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University Of Maryland Football Abuse Scandal And The Rights Of College Athletes


And in just a few short weeks, schools across the country will be buzzing for college football. But in some places, such as the University of Maryland, there are serious questions being asked about the game and the adults paid handsomely to guide student athletes. Jordan McNair, a player for the Maryland football program, died after an offseason workout. He died June 13, two weeks after he collapsed. The school has suspended coach DJ Durkin, and the strength coach who oversaw the workout has resigned. But an investigation is underway into what's being called an abusive culture within the University of Maryland's football program.

To talk a little more about how this could possibly happen to a college student and the broader implications of Jordan McNair's death, we're joined now by Ramogi Huma. He is president of the National College Players Association. That's an organization that advocates for college players' rights and safety.

Mr. Huma, thanks so much for joining us.

RAMOGI HUMA: Thanks for having me.

SINGH: By now, we've heard the reports of what's going on in Maryland. According to Jordan McNair's family, their son died of heat stroke after a summer workout. But that's not the first occurrence of this happening on a football team, right? What makes his case different from other heat stroke-related deaths we've heard about in sports?

HUMA: I think it's important to realize that heat stroke-related deaths in sports are preventable. Maryland's president admitted negligence essentially - that the college didn't respond - it didn't follow best practices. And that's the similarity that you hear time and time again, and it's a shame. So I think there are two issues going on here. I think one is negligence when it comes to sports-related workout deaths. And as you mentioned, the news reports of allegations of player abuse. And sometimes those go hand in hand. Right now in NCAA sports, the NCAA does not enforce any of its health and safety guidelines, and it leaves campuses really vulnerable to this type of thing - players to this type of thing.

SINGH: I thought it was really interesting that we heard the University of Maryland president not only accept sort of moral responsibility for having Jordan McNair's death take place on his watch but also a legal responsibility, which is unusual. Does this signal a shift in how universities in general may now be viewing how they address the deaths of their college athletes?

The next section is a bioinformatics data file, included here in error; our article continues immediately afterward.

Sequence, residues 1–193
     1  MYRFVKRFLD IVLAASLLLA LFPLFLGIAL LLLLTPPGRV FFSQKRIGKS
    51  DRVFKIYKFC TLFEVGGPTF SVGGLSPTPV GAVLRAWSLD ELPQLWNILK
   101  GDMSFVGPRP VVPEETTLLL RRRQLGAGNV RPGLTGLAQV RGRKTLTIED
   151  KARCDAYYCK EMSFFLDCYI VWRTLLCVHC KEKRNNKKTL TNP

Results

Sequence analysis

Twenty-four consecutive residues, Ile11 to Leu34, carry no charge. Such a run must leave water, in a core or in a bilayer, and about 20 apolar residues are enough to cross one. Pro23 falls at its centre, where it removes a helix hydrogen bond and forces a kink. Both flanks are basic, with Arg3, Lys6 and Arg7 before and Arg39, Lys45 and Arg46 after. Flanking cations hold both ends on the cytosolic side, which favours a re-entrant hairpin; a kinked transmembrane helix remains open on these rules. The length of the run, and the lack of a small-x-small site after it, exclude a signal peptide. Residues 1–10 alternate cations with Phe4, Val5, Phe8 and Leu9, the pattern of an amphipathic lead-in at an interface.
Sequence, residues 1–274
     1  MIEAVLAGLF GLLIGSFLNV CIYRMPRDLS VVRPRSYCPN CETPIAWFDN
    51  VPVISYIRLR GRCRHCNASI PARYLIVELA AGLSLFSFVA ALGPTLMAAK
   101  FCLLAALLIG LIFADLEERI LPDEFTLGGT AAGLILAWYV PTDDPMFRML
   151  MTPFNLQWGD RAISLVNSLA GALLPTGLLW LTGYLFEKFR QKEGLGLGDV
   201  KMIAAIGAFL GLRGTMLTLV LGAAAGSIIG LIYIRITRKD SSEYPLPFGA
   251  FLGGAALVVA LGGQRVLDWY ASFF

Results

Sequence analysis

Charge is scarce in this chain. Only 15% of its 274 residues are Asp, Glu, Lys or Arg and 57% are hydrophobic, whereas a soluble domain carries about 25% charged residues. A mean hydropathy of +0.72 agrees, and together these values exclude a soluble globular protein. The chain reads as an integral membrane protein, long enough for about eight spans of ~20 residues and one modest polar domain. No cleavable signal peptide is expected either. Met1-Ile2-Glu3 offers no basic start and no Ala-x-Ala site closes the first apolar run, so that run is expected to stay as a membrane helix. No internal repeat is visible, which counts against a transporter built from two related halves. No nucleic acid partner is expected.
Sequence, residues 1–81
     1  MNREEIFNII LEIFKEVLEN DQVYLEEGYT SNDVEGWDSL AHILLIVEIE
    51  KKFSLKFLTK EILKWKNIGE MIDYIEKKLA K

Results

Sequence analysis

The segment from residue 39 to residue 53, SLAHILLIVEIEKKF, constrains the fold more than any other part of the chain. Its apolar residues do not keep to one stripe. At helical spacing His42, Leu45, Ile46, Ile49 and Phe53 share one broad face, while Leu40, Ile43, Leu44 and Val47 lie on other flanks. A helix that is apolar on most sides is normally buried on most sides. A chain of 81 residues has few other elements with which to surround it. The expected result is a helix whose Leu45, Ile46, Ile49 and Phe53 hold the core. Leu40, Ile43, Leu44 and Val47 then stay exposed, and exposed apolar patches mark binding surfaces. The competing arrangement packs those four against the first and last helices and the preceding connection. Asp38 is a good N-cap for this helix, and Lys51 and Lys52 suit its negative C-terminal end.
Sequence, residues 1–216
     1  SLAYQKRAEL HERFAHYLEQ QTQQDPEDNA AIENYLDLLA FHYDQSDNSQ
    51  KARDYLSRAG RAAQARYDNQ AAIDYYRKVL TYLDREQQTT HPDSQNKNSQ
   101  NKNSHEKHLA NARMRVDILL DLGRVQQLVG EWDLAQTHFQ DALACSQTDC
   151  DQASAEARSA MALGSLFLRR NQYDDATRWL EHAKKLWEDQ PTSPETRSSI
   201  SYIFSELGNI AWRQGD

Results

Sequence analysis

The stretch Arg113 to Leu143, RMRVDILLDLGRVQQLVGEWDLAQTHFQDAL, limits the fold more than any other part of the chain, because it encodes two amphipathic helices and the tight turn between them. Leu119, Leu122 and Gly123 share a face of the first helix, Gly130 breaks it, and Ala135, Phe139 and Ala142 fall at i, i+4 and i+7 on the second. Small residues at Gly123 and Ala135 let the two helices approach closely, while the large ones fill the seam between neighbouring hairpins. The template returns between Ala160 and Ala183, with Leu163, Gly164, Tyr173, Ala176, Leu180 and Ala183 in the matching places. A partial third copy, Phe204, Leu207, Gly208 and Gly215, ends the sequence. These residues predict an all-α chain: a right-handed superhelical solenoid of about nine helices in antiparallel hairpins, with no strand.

HUMA: Well, it's definitely a positive development. What stands out in this case is that it was a relatively short amount of time before the president made this announcement. I think that's a credit to him and what he's trying to accomplish. I think the investigations definitely need to ask whether or not player abuse is going hand in hand as well because it's one thing to run a hazardous workout out of ignorance, but it's another thing to pressure players to exert themselves under threat of intimidation or, you know, things being humiliated in front of your teammates in some of the reports there were made. That's a whole different type of negligence, and it really falls into abusive practices. And also, who was a witness? I know that there is an interim head coach, but who all witnessed this for presumably months or even years? If there was player abuse, have they been looking the other way?

SINGH: We've heard of other allegations of abuse at Maryland. There were reports of weights being thrown in the direction of players. For example, an incident where a player who was, I guess, described as overweight was being forced to eat candy bars while watching his teammates workout. We know the strength and conditioning coach has now resigned. I'm just curious - are coaches usually held accountable for these types of actions we've just mentioned?

HUMA: Absolutely not. You know, first of all, I think players need to know - and other coaches - there's a difference between tough coaching and abusive coaching. And what you've just described in terms of the allegations - that describes abusive coaching. And it's interesting. You know, some of these allegations have been made - even just looking at the same conference - OK, we're talking about the Big 10. Maryland's in the Big 10. Indiana University a few years ago - head coach Kevin Wilson - it was reported by a number of players, claiming player abuse, that he was forcing players and trainers to put players in with serious injuries and that kind of a thing. And eventually, Indiana pushed him out. Well, now, he's at Ohio State. He's the offensive coordinator at Ohio State. So it just keeps going on and on. And it needs to stop.

SINGH: You were involved with Northwestern University's attempt to unionize back in 2014. Do you think a union would be beneficial, would actually help prevent these occurrences that you've mentioned from taking place in the future - in the near future?

HUMA: Absolutely. And that was my primary motivation - was health and safety. When I saw the NCAA refuse to adopt the policies that the NFL adopted to prevent concussions and implement protocols, I realized players need all the leverage they can get. Just by the designation of an employee - first of all, when it comes to abusive coaching, that would fall under the protections of preventing hostile work environments. You actually have rights under the labor law if you're an employee. In addition to that, if you have a union, you can negotiate for implementing safety standards that prevent these types of deaths as well.

SINGH: That's Ramogi Huma. He's president of the National College Players Association. Mr. Huma, thanks again for joining us.

HUMA: Thanks for having me. Transcript provided by NPR, Copyright NPR.